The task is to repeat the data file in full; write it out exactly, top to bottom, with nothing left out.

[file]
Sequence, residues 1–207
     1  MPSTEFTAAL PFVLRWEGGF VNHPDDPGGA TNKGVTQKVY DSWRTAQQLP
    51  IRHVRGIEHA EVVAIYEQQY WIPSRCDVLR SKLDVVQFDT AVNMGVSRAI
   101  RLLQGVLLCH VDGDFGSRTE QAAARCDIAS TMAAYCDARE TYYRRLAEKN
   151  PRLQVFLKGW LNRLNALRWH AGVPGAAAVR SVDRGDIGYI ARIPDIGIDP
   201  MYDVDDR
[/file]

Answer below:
Sequence, residues 1–207
     1  MPSTEFTAAL PFVLRWEGGF VNHPDDPGGA TNKGVTQKVY DSWRTAQQLP
    51  IRHVRGIEHA EVVAIYEQQY WIPSRCDVLR SKLDVVQFDT AVNMGVSRAI
   101  RLLQGVLLCH VDGDFGSRTE QAAARCDIAS TMAAYCDARE TYYRRLAEKN
   151  PRLQVFLKGW LNRLNALRWH AGVPGAAAVR SVDRGDIGYI ARIPDIGIDP
   201  MYDVDDR